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Quoting stillwaiting:
456:in the newest pics it does not look ragged,its a newly closed off surface low and is still in the early organization stage????


Which of the templates on the left describe the current shape of the system's cloud cover...1, 2, or 3?

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levi:I'll make sure I have plenty TP in my hurricane supplies;)
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Quoting Weather456:
Decoupling



Yep, you beat me to it.
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Quoting cyclonekid:
I've heard this often. What does it mean?


mid level low moves away from the surface low taking the convection with it
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Quoting Weather456:
Decoupling



NHC says the center is near 19N 87W
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Quoting Weather456:
Decoupling

I've heard this often. What does it mean?
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Quoting stillwaiting:
explosive convection at this time:


That's nothing. Your going to crap in your pants later this season when we get something like this later this season.

Photobucket
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Quoting aspectre:
GobiDesert sandstorm hitting Golmud,Qinghai,China


Wow, imagine staring into that?
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Decoupling

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456:in the newest pics it does not look ragged,its a newly closed off surface low and is still in the early organization stage????
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GobiDesert sandstorm hitting Golmud,Qinghai,China
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I don't think the center is under that convection.. which I believe is moving away from the core
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explosive convection at this time:
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Quoting stillwaiting:
91L coming soon latest pic shows anti cyclonic feature over a new explosion of convection near the center....its trying to further consolidate,IMO and might have the winds of a TD,w/know theirs a closed warm core surface low,its just a matter of hour before we have 91L and then just hrs later td1,and thats if they don't just skip the invest status and name it a TD off the bat,just my 2 cents:)


Sorry but you have to clarify somethings..the max winds associated with this system is 15 knots based on surface obs and ascat.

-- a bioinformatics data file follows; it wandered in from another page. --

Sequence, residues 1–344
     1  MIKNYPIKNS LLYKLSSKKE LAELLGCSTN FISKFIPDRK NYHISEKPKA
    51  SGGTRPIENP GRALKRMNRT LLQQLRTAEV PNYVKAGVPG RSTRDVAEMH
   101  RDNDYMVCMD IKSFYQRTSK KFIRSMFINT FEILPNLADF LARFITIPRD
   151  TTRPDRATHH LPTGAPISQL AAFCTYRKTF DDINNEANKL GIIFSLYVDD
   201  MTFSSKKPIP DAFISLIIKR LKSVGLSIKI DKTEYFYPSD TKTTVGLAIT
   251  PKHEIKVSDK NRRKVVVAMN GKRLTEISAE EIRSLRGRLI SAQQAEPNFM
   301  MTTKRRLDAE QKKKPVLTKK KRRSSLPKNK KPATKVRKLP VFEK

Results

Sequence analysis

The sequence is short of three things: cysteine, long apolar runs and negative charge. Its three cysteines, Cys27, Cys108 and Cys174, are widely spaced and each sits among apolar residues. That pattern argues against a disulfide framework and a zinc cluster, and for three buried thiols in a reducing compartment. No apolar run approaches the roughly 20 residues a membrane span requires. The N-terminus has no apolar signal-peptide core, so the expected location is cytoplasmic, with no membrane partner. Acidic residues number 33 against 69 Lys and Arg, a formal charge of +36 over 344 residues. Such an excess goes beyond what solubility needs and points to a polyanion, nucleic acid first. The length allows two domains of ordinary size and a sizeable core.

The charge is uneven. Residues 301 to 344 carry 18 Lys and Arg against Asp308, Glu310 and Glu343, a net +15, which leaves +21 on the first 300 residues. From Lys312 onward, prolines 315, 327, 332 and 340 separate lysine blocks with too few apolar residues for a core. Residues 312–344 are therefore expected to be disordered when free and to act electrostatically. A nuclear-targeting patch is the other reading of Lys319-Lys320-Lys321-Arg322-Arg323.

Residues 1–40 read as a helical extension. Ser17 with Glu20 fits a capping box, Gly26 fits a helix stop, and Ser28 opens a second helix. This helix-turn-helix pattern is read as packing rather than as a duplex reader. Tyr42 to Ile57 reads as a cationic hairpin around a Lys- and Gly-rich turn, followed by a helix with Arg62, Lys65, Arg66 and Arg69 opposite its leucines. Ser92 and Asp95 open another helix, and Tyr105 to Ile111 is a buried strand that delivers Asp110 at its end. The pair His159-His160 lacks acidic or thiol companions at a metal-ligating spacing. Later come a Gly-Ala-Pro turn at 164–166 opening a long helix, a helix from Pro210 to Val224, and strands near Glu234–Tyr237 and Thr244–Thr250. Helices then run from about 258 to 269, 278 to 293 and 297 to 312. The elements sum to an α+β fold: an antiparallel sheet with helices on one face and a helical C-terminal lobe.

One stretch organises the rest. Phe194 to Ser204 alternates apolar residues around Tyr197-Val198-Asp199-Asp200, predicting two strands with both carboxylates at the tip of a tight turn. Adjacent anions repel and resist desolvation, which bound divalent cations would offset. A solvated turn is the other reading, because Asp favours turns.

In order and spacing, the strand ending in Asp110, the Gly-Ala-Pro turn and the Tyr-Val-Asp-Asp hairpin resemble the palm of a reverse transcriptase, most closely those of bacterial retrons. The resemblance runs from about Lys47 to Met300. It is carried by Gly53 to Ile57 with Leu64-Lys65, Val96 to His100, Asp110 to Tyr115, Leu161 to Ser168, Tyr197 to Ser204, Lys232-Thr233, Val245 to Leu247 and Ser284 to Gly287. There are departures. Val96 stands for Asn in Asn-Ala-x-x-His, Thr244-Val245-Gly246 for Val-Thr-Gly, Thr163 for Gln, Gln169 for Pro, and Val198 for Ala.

Second, the once circular blob of convection is ragged. Whenever a blob of convection is ragged it means external forces are at work and in this case dry air and upper winds.
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and there are hot towers in the center of the convection!!
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Quoting scott39:
What time period in the day does convection wane, and what time period does it explode?


it tends to wane during the afternoon.. then around 7 or 8 it tends to go boom
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It explodes during the evening and it wanes during the day over the ocean. Diurnal cycles.
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91L coming soon latest pic shows anti cyclonic feature over a new explosion of convection near the center....its trying to further consolidate,IMO and might have the winds of a TD,w/know theirs a closed warm core surface low,its just a matter of hour before we have 91L and then just hrs later td1,and thats if they don't just skip the invest status and name it a TD off the bat,just my 2 cents:)
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Quoting Ocean24:


you have acess to it, soo soon?


Its only the 12z GFS
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What time period in the day does convection wane, and what time period does it explode?
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Quoting extreme236:
12Z GFS still forming another EPAC storm in 96-120 hours. And still no Atlantic threats in the next 120 hours on it.


you have acess to it, soo soon?
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12Z GFS still forming another EPAC storm in 96-120 hours. And still no Atlantic threats in the next 120 hours on it.
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Quoting leo305:
unless it decides to just explode at sun down..
Who knows, I can see that happening, this hasnt been the most predictable storm!
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little bit old but not bad looking precip